$7M Grant Establishes New UIC Center to Eliminate Health Disparities

08/04/2009

The UIC Institute for Health Research and Policy has been awarded a $7.2 million federal grant to establish the UIC Center of Excellence in Eliminating Health Disparities.

The new center, funded by a five-year grant from the National Center on Minority Health and Health Disparities of the National Institutes of Health, will focus on health disparities in prostate and colorectal cancer, community-based breast cancer initiatives, and training and educating the next generation of health disparities researchers.

"The new center will be a multi-faceted, university-wide resource to integrate health disparities research and activities," said Elizabeth Calhoun, associate professor of health policy and administration at the UIC School of Public Health, and director and principal investigator of the new center.

"We plan to engage new investigators in health disparities, reaching not only into our undergrad and graduate populations, but even into high school, to build a pipeline of researchers interested in health disparities," she said.

Carol Ferrans, professor and associate dean for research at the UIC College of Nursing, is the center's co-director.

Researchers at the center will build upon prior UIC research to implement a community project to eliminate breast cancer disparities in South Side Chicago communities disproportionately affected by high rates of breast cancer deaths. The project will use culturally sensitive messages to promote mammography screening, address beliefs that contribute to screening reluctance, and address personal and health system barriers to screening.

The center's primary research projects will specifically look at disparities in prostate and colorectal cancer.

Colorectal cancer is the second most common cancer among African American women and the third most common for African American men. Late-stage diagnosis, method of detection, delays from detection to surgical intervention, and disparities in treatment may all contribute to African Americans having the highest mortality from this disease of any racial or ethnic group, according to researchers.

In one study, led by Garth Rauscher, assistant professor of epidemiology and associate of the UIC Cancer Center, researchers will enroll 500 African-American patients newly diagnosed with colorectal cancer to obtain information about screening, stage at diagnosis and treatment. The researchers will look at personal barriers such as cultural beliefs about cancer, social support, transportation, housing, literacy, perceived stress, fear, medical trust, as well as access barriers such as insurance status.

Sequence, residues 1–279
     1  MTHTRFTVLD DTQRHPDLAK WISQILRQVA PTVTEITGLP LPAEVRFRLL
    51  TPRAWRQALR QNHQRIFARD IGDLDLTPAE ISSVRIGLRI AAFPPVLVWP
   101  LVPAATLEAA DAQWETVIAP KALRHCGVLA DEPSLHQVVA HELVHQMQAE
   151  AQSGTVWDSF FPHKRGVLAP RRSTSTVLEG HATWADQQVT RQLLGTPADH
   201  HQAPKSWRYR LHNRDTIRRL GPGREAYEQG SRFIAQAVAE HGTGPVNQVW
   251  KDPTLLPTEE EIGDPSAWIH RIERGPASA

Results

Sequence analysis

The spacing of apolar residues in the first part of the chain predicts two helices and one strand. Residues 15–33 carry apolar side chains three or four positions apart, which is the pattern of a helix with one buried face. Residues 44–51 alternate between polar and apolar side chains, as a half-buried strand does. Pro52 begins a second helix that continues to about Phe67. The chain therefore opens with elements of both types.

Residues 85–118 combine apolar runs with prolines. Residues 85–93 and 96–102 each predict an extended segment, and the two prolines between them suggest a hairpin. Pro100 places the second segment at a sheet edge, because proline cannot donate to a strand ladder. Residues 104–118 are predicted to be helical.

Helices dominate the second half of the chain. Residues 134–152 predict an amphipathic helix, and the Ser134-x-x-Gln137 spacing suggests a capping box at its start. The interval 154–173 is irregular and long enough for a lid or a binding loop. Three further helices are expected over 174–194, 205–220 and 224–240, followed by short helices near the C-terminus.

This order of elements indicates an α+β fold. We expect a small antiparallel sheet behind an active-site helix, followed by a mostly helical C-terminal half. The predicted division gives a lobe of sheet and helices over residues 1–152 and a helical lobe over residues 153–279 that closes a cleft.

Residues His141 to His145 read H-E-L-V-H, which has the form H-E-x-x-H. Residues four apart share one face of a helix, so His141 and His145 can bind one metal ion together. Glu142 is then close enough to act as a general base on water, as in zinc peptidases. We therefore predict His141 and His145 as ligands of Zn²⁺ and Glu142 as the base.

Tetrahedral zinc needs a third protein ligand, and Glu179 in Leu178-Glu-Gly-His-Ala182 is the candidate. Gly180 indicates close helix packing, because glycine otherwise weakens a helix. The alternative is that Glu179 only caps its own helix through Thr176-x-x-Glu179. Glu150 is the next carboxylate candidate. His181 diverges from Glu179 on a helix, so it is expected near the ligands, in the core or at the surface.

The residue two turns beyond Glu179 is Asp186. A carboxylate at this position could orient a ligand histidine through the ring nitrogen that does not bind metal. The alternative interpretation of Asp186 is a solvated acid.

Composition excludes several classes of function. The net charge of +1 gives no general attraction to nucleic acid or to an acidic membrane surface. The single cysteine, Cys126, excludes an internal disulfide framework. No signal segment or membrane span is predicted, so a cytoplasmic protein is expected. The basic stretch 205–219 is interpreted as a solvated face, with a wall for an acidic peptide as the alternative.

A second study, led by Vince Freeman, assistant professor of epidemiology and associate of the UIC Cancer Center, will compile data on prostate and colorectal cancer cases diagnosed between 1995 and 2008 in Chicago to conduct a population-based analysis of clinical, socioeconomic and health care factors that account for mortality differences between African Americans and whites.

Ultimately, these statistical models will allow researchers to predict hot-spot areas heavily burdened with disease, said Calhoun, and provide effective measures for deploying resources such as targeted cancer screenings.

The center has a research core, a training and education core, and a community engagement core, led by Richard Warnecke, Faye Davis, and Ferrans, respectively.

The new UIC Center of Excellence in Eliminating Health Disparities will involve faculty from all six of UIC's health sciences colleges, the UIC Institute for Health Research and Policy, the UIC Center for Clinical Translational Science, and the UIC Cancer Center to develop a comprehensive strategy to incorporate research, education, policy changes and community partnerships to reduce health disparities in Chicago and beyond.

This news release was written by Sherri McGinnis González of the UIC News Bureau.

12/22/09 Update:

The second study in the Center of Excellence in Eliminating Health Disparities has changed from Vince Freeman's study to an examination of local food environments and disparities in ovarian cancer survival, conducted by Charlotte Enns Joslin and others. Freeman’s study on prostate and colorectal cancer is being conducted separately, with funding from the American Cancer Society.